This whole having a job thing is rubbish sometimes, especially when it gets in the way of my blogging (only joking boss, in case you’re reading this). Why can’t someone just pay me to write about films? Anyway here are a few of the films I’ve been watching recently…
Richard Linklater’s epic story of a family growing up and evolving over the space of 12 years is about as high concept as you can get. Fortunately the concept works for the most part and the result is unlike anything you’ll have seen before.
Having the same actors play the same roles over the course of such a long period of time could easily have ended up being a gimmick, but Linklater handles it superbly and adds the perfect amount of depth to pretty much every main character so that we’re genuinely interested in how their particular story plays out. We’re happy when they’re happy, sad when they’re sad and eager to see them succeed in life. This is because Linklater has created what feels like a genuine snapshot of real family life: it’s not always happy, it’s rarely glamorous and you won’t find too many big set pieces, but pretty much everyone will relate in some way to one of the characters.
It’s not perfect, however. The concept that it’s filmed over 12 years is shoved down our throat a little too often with shots of the latest technology or what new music they’re listening to. We can tell they’re getting older; we don’t need constantly reminding. There’s also the argument that Linklater’s script becomes a little too pretentious at times (something which could also be said of his Before… films), particularly in the latter stages as our central character Mason (Ellar Coltrane) grows up to be a little on the self-righteous side.
Those are very minor flaws, however, and Boyhood is without a doubt one of the best films of the year so far. It’s a once in a lifetime concept and one that deserves to be seen and cherished.
Dawn of the Planet of the Apes
In an age of remakes and reboots, many fail to hit the mark by a long way, but 2011’s Rise of the Planet of the Apes managed to capture both a new audience and fans of the original films. Despite the fact that the titles of the two films should have been the other way around, Dawn of the Planet of the Apes manages to take what was so good about the first film and ups the stakes in terms of action and character.
As with Rise…, the apes are by far the most interesting characters in the film, with their human counterparts feeling lightweight by comparison. The power struggle between Caesar and his aggressive second-in-command Koba is fascinating and, again, far more absorbing than the mirrored altercations within the human camp, although there are some decent performances from Gary Oldman and Jason Clarke.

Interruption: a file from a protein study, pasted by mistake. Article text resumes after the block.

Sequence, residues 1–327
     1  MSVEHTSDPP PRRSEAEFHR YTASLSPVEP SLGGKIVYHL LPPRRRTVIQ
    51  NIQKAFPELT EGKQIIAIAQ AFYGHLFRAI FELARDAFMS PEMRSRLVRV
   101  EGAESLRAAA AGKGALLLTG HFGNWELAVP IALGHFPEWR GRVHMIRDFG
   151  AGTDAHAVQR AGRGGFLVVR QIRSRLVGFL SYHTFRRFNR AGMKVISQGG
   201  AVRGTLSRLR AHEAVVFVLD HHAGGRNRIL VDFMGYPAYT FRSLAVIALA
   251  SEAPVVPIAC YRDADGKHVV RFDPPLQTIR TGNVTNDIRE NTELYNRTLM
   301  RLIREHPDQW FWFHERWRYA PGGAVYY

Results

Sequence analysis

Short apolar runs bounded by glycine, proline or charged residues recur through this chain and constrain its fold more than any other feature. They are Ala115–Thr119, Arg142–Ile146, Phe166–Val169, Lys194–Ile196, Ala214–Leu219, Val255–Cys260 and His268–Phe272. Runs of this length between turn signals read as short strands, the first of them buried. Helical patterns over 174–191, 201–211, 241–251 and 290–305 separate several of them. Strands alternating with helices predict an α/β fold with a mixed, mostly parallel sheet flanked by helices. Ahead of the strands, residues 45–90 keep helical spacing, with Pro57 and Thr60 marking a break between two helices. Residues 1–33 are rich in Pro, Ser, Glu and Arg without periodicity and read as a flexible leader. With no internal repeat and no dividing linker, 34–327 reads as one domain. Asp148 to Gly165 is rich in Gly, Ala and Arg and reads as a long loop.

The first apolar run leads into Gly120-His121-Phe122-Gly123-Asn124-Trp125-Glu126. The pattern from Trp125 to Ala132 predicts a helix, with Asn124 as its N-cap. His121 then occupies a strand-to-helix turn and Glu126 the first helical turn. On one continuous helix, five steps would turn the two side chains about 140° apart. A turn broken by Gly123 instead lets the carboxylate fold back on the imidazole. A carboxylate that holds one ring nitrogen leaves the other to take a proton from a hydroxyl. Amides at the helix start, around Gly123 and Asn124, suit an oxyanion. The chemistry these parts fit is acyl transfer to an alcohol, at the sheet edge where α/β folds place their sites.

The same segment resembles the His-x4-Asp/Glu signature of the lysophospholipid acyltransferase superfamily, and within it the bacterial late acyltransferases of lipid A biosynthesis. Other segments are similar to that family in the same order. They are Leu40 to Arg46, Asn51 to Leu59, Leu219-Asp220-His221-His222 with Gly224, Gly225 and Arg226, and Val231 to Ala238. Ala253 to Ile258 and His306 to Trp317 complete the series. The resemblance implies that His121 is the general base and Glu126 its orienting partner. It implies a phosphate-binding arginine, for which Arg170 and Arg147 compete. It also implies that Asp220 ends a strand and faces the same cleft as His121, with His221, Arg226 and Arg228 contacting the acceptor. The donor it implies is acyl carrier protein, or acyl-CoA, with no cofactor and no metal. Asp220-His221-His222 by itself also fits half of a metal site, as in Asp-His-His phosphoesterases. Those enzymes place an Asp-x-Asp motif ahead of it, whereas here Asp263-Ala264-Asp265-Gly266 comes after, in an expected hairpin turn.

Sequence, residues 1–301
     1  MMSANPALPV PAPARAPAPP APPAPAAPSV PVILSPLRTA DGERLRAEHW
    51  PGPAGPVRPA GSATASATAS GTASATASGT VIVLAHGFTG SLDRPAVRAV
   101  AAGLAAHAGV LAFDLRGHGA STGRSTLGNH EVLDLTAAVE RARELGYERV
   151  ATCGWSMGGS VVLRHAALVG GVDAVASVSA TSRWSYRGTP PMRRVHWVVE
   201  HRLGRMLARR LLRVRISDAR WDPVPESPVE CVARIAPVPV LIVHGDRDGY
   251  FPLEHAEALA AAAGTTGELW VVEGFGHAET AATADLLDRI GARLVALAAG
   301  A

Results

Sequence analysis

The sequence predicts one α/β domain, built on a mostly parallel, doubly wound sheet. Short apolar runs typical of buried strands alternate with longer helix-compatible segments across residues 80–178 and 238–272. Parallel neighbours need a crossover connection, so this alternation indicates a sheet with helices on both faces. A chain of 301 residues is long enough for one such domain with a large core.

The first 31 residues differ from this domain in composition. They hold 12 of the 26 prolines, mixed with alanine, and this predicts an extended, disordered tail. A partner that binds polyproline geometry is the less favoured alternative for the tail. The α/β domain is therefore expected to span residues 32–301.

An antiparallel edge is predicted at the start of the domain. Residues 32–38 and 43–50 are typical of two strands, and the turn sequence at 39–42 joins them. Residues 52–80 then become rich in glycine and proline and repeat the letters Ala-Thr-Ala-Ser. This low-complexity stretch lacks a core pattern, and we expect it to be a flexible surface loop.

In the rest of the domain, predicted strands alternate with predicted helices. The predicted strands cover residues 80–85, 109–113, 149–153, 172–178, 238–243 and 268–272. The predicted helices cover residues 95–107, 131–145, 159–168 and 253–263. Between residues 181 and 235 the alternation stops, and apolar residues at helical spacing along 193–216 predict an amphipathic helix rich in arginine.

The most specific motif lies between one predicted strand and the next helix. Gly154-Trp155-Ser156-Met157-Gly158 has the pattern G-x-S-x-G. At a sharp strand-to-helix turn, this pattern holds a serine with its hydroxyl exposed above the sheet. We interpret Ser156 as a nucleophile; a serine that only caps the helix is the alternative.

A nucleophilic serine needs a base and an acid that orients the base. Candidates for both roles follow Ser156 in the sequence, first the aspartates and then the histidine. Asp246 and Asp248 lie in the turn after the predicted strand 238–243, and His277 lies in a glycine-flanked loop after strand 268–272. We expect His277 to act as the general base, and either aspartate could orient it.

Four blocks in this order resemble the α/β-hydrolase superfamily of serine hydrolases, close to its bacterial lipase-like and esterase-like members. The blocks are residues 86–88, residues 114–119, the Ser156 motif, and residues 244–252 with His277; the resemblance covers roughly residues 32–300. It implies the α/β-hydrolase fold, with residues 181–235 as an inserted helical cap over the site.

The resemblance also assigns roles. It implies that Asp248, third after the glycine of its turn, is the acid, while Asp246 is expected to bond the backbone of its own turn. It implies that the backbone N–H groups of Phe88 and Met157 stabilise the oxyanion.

What takes DotPotA (yes it’s a ridiculous acronym) to the next level, however, is the unbelievable CGI and motion capture by Andy Serkis as Caesar. It’s literally almost impossible to tell what’s real and what is computer generated and there’s never a moment where you think the apes are anything but 100% real. The personality that they have puts many real-life actors to shame; they exhibit a full range of emotions and some of the nuances in the CGI and mo-cap are astonishing.
The majority of recent blockbusters have really upped their game and this is another example. It still has all the big set pieces you’d expect but it supplements them with a genuinely absorbing story. It’s not afraid to do something a little different (having a lot of the film in subtitles) and actually provide something for audiences to think about.
The Inbetweeners 2
It’s quite staggering to believe that The Inbetweeners Movie is the most successful British comedy film of all time, and with that in mind a sequel was inevitable. It’s milking it, sure, but fortunately there’s more than enough here to warrant a second trip out with the hapless foursome.
The Inbetweeners is a pretty divisive TV show; it’s probably what you’d class as ‘British’ humour but it also most definitely appeals to the slightly younger audience as it’s the relatability (pretty sure I just made that word up) of the characters and the situation that resonates with so many.
As with the first film, there’s little to no story to speak of. Rather than on holiday in Crete, they’re essentially just on holiday in Australia, and a series of amusing set pieces ensue. But you don’t really watch The Inbetweeners for the story. You watch it for those set pieces, whether it’s Will trying his hand at camp fire karaoke or Neil’s IBS playing up on a water slide, and also for the interactions between the friends, most of which is lewd and fairly offensive. It’s not high brow in any shape or form but fans of the show shouldn’t be too disappointed.
It’s a little more erratic than the first film; the highs are arguably higher but the lows are definitely lower and the jokes don’t always land as they were clearly intended. The characters are also starting to become parodies of themselves, heightening their personality traits to sometimes obnoxious proportions.
However, like I said before, fans of the show will find plenty to like here and that is the film’s target audience, so it would have to go down as a success.